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Creative writing experts teach students “how to succeed as a creative writing major”

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Creative writing experts teach students “how to succeed as a creative writing major”

Nicole Morsfield

Nicole Morsfield

Nicole Morsfield

Jordan Jewell, Staff Reporter

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A panel of advisers and professors from Oakland University’s Creative Writing department met with students to discuss strategies for success.

The Creative Writing program has several branches. This event featured screenwriting adviser David Shaerf, literary non-fiction adviser Susan McCarty, short story adviser Jeff Chapman, and Robert Laidler, an OU graduate and current poetry graduate student at Wayne State.

“The most important thing I would tell writing students is that you need to read and write every day,” Laidler said. “It’s something I struggled with as an undergrad, but it will help you immensely. Not everything you write will be good, but it will always teach you something.”

The event focused on ways to succeed as a creative writing major or minor. Internships were a primary focus of both the panelists and the students in attendance. One student asked the age-old question, “Do I have to do an internship?”

“Internships are like small jobs,” McCarty said. “I’ll never discourage a student from interning because it gives you the hands-on experience that you simply cannot get in a classroom.”

The Creative Writing program does not require an internship credit to graduate, but it is heavily encouraged. Creative Writing students from OU have interned for businesses like Hour Detroit, Quicken Loans, The Art Experience, The Museum of Contemporary Art in Detroit and CBS Television Detroit.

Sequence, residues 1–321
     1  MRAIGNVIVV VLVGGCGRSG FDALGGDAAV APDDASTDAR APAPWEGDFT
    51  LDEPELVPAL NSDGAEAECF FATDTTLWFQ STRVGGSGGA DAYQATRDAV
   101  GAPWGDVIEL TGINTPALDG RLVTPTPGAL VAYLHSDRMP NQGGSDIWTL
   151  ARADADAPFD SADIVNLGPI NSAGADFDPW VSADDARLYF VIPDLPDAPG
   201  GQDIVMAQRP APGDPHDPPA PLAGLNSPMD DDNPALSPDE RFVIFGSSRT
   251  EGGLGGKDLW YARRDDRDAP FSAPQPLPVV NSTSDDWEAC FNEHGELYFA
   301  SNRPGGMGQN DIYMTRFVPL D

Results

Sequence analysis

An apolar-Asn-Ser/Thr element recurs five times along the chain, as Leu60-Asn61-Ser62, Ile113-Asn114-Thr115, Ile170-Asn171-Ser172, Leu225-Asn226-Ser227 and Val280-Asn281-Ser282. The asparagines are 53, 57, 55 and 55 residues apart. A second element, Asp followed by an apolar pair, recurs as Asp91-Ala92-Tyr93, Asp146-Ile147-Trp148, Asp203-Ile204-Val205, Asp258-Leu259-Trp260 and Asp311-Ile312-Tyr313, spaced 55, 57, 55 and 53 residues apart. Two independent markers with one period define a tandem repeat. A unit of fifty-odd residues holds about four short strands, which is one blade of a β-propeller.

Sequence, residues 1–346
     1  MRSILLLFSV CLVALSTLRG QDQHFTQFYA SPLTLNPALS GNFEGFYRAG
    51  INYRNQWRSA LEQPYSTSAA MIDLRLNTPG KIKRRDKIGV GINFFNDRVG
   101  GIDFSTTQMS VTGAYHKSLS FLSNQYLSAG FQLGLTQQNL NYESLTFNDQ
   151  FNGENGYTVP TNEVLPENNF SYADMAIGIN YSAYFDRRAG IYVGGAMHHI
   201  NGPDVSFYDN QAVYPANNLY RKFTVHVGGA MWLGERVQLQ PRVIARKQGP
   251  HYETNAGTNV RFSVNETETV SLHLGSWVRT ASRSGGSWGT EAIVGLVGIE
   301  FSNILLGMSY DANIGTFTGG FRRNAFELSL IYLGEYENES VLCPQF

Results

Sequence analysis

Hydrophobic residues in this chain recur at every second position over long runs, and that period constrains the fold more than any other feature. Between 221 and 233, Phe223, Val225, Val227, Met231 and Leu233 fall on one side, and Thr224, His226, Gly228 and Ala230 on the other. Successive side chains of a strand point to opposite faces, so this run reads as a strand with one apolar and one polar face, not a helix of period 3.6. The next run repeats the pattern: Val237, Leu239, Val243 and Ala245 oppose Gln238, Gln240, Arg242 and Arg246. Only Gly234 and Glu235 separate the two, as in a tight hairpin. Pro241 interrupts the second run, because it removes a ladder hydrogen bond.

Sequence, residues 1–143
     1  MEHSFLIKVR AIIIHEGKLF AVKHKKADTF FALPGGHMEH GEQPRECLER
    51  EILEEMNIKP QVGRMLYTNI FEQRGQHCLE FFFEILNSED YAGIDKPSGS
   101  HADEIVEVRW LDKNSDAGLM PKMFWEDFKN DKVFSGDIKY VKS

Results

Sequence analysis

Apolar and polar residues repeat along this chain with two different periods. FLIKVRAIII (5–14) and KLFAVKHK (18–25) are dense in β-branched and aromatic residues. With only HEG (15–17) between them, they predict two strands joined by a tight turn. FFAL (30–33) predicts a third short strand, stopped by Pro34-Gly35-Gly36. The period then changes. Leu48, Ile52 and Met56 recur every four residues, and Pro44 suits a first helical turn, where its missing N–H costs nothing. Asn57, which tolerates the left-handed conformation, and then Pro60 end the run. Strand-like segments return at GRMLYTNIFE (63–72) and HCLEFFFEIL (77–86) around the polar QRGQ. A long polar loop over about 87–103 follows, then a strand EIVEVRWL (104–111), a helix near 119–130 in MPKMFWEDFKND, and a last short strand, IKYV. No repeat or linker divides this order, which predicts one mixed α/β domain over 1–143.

Further information about internships can be found on the Creative Writing program’s website.

In addition to internships, the panelists encourage students to attend as many workshops as possible. These consist of sharing writing with other creative individuals and providing each other with feedback.

“Workshops can feel awkward at first,” Shaerf said. “It’s normal to feel nervous.”

Shaerf encouraged students attending writing workshops to write down every critique no matter how small.

“Even if it’s someone whose opinion you don’t value or agree with, make a note,” he said. “I like to put question marks at the end of each note, that way it’s more of a suggestion than a demand.”

OU has several clubs for students interested in writing. Shaerf is the adviser of the OU Screenwriters Guild and Jeff Chapman advises the Creative Writing Club.

“Unfortunately, the Screenwriters Guild and Creative Writing Club have been dormant this year,” Chapman said. “I encourage all students to join clubs they’re passionate about. If you have an interest in joining, then definitely show up.”

A full list of Creative Writing clubs and writing contests can be found on the Oakland University Creative Writing website.

The Oakland Arts Review also provides students with a unique creative experience. The OAR is a collective magazine of stories, scripts, poems and comics produced by students from all over the country. Though the OAR is not open to OU students for submission, they may apply to join the staff by contacting Alison Powell at [email protected]. Undergraduates from other universities can submit content on the OAR website.

“Involvement is key for succeeding at any major,” McCarty said. “Get an early start if you can. Write as much as possible and stay in communication with your professors and advisers.”

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